Post by: DW1961 on June 23, 2021, 06:00:46 pm
I will admit I might have 'massaged' their marketing picture a little ;)

I got mine via AilExpress with the Wanptek badge for a bit less than @med6753 got a Kungber branded one via Amazon USA ($90USD) https://www.eevblog.com/forum/testgear/test-equipment-anonymous-(tea)-group-therapy-thread/msg3592146/#msg3592146 (https://www.eevblog.com/forum/testgear/test-equipment-anonymous-(tea)-group-therapy-thread/msg3592146/#msg3592146)

I'm really interested in your tests. When are you gig to test it?
Title: Re: Kungber Bench PS Tear Down Images - As Requested
Post by: DW1961 on June 25, 2021, 05:37:21 pm
Shame that none of these entry level switchers include a proper PFC, which makes them illegal to be sold in many countries "officially". IMO, this is also a clear indication for their general level of sophistication and quality (or rather lack thereof)... Yet, for many applications these "El Cheapos" are quite useful.

I contacted Kungber and asked if they used TC and they said, "No." Isn't that a really cheap circuit to include? If so, why not just add it?
Title: Re: Kungber Bench PS Tear Down Images - As Requested
Post by: beanflying on June 26, 2021, 02:26:14 am
Shame that none of these entry level switchers include a proper PFC, which makes them illegal to be sold in many countries "officially". IMO, this is also a clear indication for their general level of sophistication and quality (or rather lack thereof)... Yet, for many applications these "El Cheapos" are quite useful.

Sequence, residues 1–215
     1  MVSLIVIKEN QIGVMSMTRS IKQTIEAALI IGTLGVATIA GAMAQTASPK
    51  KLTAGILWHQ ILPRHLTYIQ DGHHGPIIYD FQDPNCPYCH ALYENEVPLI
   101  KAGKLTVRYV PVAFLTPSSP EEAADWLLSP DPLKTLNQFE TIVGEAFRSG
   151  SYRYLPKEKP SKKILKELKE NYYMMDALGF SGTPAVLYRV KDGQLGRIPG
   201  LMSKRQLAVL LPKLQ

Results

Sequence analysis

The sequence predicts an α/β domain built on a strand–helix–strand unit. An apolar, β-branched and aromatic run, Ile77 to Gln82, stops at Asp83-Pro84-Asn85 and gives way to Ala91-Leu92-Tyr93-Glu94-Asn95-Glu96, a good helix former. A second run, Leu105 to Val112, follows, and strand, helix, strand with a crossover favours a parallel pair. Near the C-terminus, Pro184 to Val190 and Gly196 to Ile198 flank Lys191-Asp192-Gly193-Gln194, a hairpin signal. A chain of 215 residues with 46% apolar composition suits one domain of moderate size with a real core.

I contacted Kungber and asked if they used TC and they said, "No." Isn't that a really cheap circuit to include? If so, why not just add it?

https://en.wikipedia.org/wiki/Muntzing  ;)

When you chase the price down to what the Chinese manufacturers think we want at the expense of increased reliability and features then we get what we deserve. In a recent mid life crisis (I have had three now and am working on a 4th) I was importing Kites from Europe, the USA and China. When I raised concerns over samples from China the reply was all to often along the lines of 'it is to make it cheaper' or 'it doesn't matter they are only for beginners'. When you turn around and then ask for a particular spec or tweak and buy sufficient quantity that same flawed design for 20-30% more got brought up to a European or USA made standard and was still way under those costs. The question really needs to be would we as consumers pay that 20-30% more to random company X in China for features?

Re testing for mine I fished out some spare 250 \$\Omega\$ resistors and I will temporarily re task two more out of another box and strap them onto some heatsinks. 6 in parallel for circa 40 \$\Omega\$ across 120V and 3A and for short bursts will handle full power of the supply.
Title: Re: Kungber Bench PS Tear Down Images - As Requested
Post by: robert.rozee on June 26, 2021, 04:56:09 am
Is the floating voltage on this unit bad or could cause problems?

connect a 1 meg ohm resistor between the negative output (black) terminal and the ground (green) terminal. now measure the voltage across this resistor. calculate the current with I=V/R. report back both the (very small) voltage you measure, as well as the (even smaller) current calculated.

cheers,
rob   :-)
Title: Re: Kungber Bench PS Tear Down Images - As Requested
Post by: TurboTom on June 26, 2021, 08:40:51 am